What made Pride & Prejudice worthwhile, though, was due to the performances of a fine ensemble led by Keira Knightley as Elizabeth and Matthew Macfadyen as Mr. Darcy. Both of these fine actors have nice on-screen chemistry that helps a rushed story. The 1995 "Pride and Prejudice" mini-series ran over 5 hours so (one would presume) much was taken out to make the mere two hour plus runtime in this version.

Adding to a good cast are screen veterans Donald Sutherland (Without Limits, Cold Mountain), 2-time Oscar nominee Brenda Blethyn (Secrets & Lies, Little Voices) and Oscar winner Judi Dench (Shakespeare in Love) in a cameo appearance as a wretched rich woman unhappy with the prospects of Darcy falling for the lower-classed Elizabeth. Also included are rising starlets like Jena Malone (Saved!, The United States of Leland) and Rosamund Pike (Die Another Day, Doom), both who have a future in Hollywood.

Aside from a rushed story, though, Pride is a nice romantic comedy void of the typical clichés seen today. Yes, there's the 'girl hates boy, boy loves girl, girl loves boy' dynamic, but I accept it here. Maybe it's the era or it could be the cast... either way, it works.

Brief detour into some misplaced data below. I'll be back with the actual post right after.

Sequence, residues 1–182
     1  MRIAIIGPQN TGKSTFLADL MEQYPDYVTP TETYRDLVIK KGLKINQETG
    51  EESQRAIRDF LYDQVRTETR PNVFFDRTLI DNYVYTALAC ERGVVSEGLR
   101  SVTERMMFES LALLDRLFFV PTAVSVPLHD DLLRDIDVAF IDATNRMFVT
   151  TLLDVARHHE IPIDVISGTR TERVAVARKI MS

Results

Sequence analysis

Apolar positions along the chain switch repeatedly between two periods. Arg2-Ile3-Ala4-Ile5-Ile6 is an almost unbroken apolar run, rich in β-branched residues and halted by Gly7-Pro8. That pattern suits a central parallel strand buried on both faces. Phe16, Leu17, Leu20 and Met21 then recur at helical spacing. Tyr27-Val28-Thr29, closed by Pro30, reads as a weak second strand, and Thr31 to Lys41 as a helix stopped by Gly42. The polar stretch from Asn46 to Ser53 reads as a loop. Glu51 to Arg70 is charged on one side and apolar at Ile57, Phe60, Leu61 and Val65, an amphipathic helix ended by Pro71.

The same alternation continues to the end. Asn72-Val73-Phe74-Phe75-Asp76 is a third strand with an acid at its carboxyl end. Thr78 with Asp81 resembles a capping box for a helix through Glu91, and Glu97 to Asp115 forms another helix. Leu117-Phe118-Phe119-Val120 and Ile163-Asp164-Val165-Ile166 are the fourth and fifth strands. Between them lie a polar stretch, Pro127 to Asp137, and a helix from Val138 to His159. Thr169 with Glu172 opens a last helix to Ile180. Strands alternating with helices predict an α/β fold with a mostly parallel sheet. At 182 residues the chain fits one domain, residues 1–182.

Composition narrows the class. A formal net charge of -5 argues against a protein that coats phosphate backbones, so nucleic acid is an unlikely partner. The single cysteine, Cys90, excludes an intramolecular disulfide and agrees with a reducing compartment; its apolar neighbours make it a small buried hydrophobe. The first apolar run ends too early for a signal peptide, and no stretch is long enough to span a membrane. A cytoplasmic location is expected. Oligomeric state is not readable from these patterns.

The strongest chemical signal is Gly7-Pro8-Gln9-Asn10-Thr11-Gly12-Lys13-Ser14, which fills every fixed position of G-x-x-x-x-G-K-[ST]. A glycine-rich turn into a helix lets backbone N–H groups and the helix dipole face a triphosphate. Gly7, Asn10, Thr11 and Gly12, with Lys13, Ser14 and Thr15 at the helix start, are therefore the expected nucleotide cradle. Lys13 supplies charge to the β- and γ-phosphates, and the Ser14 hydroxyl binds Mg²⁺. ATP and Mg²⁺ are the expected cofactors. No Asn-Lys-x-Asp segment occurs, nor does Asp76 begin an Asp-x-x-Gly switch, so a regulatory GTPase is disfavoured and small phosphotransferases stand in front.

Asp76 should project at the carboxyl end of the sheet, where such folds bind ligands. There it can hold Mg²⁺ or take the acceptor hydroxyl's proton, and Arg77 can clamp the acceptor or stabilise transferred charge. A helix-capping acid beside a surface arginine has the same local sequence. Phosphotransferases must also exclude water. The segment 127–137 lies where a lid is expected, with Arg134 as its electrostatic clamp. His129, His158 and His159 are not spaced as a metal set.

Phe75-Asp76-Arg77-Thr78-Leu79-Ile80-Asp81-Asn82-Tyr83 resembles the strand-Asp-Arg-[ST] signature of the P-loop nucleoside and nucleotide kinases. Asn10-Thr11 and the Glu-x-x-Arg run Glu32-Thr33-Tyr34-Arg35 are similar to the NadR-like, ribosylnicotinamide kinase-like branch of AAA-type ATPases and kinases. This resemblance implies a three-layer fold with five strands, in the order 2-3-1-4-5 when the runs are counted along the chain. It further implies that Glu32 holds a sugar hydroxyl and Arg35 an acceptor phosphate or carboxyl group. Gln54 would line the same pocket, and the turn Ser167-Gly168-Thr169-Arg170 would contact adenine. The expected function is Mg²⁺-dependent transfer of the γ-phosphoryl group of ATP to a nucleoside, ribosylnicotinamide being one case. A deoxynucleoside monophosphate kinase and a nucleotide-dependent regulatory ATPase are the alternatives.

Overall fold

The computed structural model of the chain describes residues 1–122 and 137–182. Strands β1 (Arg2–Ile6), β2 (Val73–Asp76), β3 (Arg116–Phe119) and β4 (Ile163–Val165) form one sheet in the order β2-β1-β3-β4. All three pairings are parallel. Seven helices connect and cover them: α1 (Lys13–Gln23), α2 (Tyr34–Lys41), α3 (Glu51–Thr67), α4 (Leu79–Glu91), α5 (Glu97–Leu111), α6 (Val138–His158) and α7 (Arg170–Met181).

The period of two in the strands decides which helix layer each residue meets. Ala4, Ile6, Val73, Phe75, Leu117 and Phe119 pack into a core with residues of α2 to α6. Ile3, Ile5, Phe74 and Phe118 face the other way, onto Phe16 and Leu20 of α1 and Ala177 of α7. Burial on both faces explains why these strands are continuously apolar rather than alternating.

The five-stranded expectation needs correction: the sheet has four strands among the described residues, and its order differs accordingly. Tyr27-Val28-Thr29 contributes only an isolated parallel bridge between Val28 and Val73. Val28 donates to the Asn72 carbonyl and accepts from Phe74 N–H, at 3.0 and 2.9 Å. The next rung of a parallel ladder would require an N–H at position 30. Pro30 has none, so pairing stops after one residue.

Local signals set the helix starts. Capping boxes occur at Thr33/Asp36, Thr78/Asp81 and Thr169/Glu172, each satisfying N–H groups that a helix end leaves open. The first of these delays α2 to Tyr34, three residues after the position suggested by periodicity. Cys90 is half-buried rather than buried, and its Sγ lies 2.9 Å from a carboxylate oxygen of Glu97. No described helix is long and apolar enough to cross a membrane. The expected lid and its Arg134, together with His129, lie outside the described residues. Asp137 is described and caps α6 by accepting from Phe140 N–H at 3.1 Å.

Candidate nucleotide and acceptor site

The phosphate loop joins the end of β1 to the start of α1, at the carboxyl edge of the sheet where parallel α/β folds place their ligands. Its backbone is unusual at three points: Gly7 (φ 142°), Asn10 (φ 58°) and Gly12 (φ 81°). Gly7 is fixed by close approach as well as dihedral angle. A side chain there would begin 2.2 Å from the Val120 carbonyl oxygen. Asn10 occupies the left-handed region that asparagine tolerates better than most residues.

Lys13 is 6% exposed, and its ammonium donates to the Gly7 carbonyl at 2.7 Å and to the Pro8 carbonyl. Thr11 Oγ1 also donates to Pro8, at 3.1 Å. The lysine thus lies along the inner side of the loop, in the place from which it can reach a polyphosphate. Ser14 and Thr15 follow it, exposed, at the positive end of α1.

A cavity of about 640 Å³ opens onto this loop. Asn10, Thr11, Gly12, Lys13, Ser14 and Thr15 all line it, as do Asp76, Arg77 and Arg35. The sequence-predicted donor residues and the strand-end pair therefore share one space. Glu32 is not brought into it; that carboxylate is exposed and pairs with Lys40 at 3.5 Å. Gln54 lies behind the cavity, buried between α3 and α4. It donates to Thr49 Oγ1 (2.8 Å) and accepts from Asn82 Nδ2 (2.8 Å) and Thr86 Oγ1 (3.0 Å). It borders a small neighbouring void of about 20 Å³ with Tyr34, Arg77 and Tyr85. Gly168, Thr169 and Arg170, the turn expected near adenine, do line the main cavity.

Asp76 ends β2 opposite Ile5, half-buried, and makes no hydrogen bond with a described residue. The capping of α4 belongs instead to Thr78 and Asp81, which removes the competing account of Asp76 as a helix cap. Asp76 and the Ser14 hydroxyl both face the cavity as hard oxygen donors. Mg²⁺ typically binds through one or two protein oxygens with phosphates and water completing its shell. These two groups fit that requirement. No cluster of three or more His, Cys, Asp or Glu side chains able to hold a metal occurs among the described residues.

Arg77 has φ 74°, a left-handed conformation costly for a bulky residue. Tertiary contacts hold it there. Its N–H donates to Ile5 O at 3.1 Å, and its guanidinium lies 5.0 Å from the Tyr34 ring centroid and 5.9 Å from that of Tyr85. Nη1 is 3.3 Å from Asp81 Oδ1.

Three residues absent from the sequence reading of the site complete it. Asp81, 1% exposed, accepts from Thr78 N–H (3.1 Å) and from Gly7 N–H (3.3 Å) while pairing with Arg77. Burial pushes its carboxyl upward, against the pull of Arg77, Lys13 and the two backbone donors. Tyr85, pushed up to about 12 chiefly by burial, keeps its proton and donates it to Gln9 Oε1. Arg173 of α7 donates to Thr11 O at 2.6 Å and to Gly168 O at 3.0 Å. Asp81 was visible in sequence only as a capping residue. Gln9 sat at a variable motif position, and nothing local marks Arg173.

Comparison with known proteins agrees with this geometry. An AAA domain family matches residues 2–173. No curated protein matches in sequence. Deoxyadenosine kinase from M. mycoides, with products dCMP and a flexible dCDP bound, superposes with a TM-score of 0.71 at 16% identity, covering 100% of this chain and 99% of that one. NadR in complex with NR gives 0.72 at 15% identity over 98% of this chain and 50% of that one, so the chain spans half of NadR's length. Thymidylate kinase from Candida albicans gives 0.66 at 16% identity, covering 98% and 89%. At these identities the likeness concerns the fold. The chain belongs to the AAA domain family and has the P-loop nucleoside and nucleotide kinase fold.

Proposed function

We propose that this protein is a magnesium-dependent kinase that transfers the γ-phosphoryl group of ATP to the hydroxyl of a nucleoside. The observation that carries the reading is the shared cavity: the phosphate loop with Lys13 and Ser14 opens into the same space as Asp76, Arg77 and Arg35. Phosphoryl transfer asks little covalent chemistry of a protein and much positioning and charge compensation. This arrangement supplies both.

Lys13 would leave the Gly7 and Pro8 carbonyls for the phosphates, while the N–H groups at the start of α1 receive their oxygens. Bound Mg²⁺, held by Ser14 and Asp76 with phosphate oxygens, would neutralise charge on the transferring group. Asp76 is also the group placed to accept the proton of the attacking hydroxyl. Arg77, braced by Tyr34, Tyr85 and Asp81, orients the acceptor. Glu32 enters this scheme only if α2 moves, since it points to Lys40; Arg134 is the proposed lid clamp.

Given that this is a period piece, I'd hope for more substantial features than what Focus has provided here. What's left are, although fine in their own rights, special features, they're nowhere near as in depth as they should've been.

Director's Commentary - Joe Wright presents an informative, though at times dry, commentary on the making of Pride & Prejudice as well as some insights into the casting, the decoration and even the flaws of the film. He makes mention at several points regrets about a scene not being right: in one such instance, he believes the first meeting between the Bennets' and Mr. Darcy and Mr. Bingley to be "boring". Maybe he's a perfectionist but I kind of liked his honesty versus other commentators who talk out of their asses about certain aspects of their filmmaking.

A Bennet Family Portrait - This 6-minute featurette just uses interviews with the Bennet family, including Donald Sutherland, Keira Knightley and Rosamund Pike. Each talks about their characters and the 18th century culture of families pushing to get their daughters to marry men of wealth. Basic filler worth only one viewing.